THURSDAY OF THE FIFTH WEEK OF THE GREAT FAST: THE GREAT CANON OF SAINT ANDREW OF CRETE

My beloved brothers and sisters in Christ God,

CHRIST IS IN OUR MIDST! HE WAS, IS, AND EVER SHALL BE.

THURSDAY OF THE FIFTH WEEK OF THE GREAT FAST:
THE GREAT CANON OF SAINT ANDREW OF CRETE.

"Do Thou grant, O Jesus, easy and means of compunction,
for now, are they singing a great canon to Thee."

Biographical Data of Saint Andrew

The Great Canon was composed by Saint Andrew, Archbishop of Crete. He is commemorated by the Holy Church on the 4th of July. He was born in Damascus in the year 660 A.D. to his pious parents, George and Gregoria. When Andrew was seven years old, he was still unable to speak. The unhappy lad, however, after much prayer, accompanied his parents to a certain church where he received the Mysteries (Sacraments) and his tongue was loosed. Early in life and while at school, he desired to dedicate his life to Christ. At fifteen, he was placed under the guidance of Bishop Theodore at Jerusalem, during the absence of a Patriarch for that See. Andrew became his spiritual son and secretary. At length, he received the orders of Reader and Subdeacon. In due course, as soon as Andrew became a monk, the Patriarch made him a Deacon and then Archdeacon.

Following these elevations, the holy youth descended into the Judaean Desert near Jerusalem, to spend his time in prayer and contemplation at the well-known Monastery of Saint Savvas. He remained there for ten years, surpassing many of the older monks. Then, one day, after the dismissal of the office of Orthros (Matins) in church, he began to meditate in his cell upon the Biblical events that the canticles glorified. He often felt that attention should be given to the hymns from the Holy Scripture, that is: Moses and the children of Israel crossing the Red Sea, the hymns of Moses before his repose, the prayers of Hannah, Avvoukoum, Isaiah, Jonas, the holy Three Children, and the words of the Virgin upon the Annunciation; and Zacharias’ prayer for his son John. Therefore, he put into writing his meditations into short verses. For each canticle, he composed several verses which explained or reflected upon the meaning of the Biblical Event. Once he collected the verses, he embellished them by inserting a short refrain between them. The work was complete after he organized the text into nine Odes. When the brotherhood learned of his compositions, they decided to incorporate them into their services. Thus, they chanted the canticles with these short strophes, which came to be known as the Canon. Our Holy Father composed many of these canons, which mostly centered on sin and repentance.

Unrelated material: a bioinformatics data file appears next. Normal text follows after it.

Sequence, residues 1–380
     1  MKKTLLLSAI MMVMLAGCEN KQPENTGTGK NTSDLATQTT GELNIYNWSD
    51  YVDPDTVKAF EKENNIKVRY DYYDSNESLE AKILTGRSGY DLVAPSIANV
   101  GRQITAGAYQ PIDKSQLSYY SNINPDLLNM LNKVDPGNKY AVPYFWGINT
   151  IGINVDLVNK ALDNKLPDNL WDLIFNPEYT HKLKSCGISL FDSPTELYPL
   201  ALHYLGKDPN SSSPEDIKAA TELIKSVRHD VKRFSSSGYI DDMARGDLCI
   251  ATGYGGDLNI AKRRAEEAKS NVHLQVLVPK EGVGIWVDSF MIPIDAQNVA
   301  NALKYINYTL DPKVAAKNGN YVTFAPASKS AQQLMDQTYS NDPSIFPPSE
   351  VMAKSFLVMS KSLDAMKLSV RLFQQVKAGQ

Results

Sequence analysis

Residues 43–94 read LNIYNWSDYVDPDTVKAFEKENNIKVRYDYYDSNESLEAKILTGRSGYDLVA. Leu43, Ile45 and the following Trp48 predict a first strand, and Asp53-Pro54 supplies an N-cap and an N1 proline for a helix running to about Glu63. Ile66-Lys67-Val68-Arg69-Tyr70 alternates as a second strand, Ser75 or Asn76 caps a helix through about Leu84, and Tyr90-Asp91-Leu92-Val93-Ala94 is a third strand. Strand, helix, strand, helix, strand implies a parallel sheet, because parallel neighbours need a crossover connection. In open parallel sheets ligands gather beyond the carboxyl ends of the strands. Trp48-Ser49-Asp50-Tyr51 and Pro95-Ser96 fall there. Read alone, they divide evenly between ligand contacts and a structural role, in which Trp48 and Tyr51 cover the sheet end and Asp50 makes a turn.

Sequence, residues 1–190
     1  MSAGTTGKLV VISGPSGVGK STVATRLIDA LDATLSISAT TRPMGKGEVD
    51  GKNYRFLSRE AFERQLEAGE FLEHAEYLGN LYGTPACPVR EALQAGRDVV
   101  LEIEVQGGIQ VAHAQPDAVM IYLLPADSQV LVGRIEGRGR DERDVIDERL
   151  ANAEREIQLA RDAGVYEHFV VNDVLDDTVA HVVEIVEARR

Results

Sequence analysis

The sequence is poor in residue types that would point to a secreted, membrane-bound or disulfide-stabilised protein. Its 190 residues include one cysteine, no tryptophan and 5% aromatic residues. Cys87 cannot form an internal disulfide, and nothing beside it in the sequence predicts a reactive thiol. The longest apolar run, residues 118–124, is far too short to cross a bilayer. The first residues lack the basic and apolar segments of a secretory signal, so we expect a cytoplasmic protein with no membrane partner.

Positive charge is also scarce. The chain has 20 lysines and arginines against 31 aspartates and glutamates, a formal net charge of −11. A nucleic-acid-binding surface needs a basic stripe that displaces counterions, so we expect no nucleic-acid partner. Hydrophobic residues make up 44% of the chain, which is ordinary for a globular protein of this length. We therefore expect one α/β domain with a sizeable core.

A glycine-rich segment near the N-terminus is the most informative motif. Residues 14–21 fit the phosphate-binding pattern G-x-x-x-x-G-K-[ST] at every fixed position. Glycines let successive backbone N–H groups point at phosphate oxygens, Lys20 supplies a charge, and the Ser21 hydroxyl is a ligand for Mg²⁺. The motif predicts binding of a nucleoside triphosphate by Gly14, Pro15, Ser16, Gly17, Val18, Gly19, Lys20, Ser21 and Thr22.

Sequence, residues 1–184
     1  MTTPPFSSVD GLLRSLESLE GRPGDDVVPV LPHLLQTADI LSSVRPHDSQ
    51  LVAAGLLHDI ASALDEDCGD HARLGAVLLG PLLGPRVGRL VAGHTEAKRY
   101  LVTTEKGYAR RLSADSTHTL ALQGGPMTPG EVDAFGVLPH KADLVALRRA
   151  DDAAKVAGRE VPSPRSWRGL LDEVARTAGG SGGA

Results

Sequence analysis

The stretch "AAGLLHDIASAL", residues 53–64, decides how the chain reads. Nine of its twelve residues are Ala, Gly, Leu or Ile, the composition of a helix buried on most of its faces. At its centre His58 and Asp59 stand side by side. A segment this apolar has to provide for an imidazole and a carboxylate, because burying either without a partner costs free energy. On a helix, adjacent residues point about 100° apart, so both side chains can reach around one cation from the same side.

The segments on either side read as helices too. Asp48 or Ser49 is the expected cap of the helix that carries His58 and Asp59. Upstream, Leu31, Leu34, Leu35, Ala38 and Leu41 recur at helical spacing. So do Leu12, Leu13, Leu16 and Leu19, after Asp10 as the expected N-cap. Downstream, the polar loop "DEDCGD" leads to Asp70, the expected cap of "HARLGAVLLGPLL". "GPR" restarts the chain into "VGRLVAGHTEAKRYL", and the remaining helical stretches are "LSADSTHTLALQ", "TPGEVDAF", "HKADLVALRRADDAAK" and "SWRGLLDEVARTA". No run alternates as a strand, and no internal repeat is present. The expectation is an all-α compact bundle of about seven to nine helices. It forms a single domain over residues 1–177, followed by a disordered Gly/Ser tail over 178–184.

The Great Canon

The Great Canon of Saint Andrew of Crete is the longest Orthodox Canon. "From the end of the 7th century onwards, the kontakion hymn was gradually replaced by the Canon, which used the same basic principles of construction. Following the example of the nine Biblical canticles, it consists of nine (often only eight) odes which each consist of a number of stanzas. Sometimes this results in very voluminous products like, for example, the Great Canon by Saint Andrew of Crete, A PENITENTIAL HYMN OF ABOUT 250 STANZAS.

Nothing else compares with Saint Andrew’s survey of the Old and New Testaments which is a dialogue set to music between Saint Andrew and his soul. The majority of canons contain eight odes, numbered from Ode One to Ode Nine, without that of Ode Two. The most penitential canons comprise all Nine Odes.

The themes are self-evident. One IS URGED TO EXAMINE ONE’S LIFE AND SOUL. An appeal to repent and change recurs, COUNSELING THE SOUL TO IMITATE THE GOOD EXAMPLES PROVIDED IN THE Holy Bible, remembering THAT DEATH and JUDGMENT ARE ALWAYS NEAR. CONFESSION, PENITENCE, LAMENTATION, AND MOURNING ARE PROMOTED THROUGH THE RECOUNTING OF LIFE-ALTERING EVENTS IN THE HOLY SCRIPTURES. Whether or not Saint Andrew wrote the Canon for his own devotions, IT IS APPLICABLE TO US ALL. Furthermore, the Life of Saint Mary of Egypt is also read when the entire Canon is sung. She had flourished earlier, during the years of the great Justinian I, Emperor from 527-563 A.D. Her biography, a stirring account OF REPENTANCE, was read at the point when the entire Canon was sung. It had been recorded by the holy Sophronios (560-639 A.D.), Patriarch of Jerusalem.

O Venerable Andrew, thrice-blessed Father, who now beholds the
things of God, not through the corruptible senses of the body but
noetically in the powers of the soul, cease not to pray to God for
those who sing of thee, as thou art united with the Almighty.

[Source:  The Great Synaxaristes of the Orthodox Church]

________________

"Glory Be To GOD
For
All Things!"
– Saint John Chrysostomos

+ + +

With sincere agape in His Holy Diakonia (Ministry),
The sinner and unworthy servant of God

+ Father George

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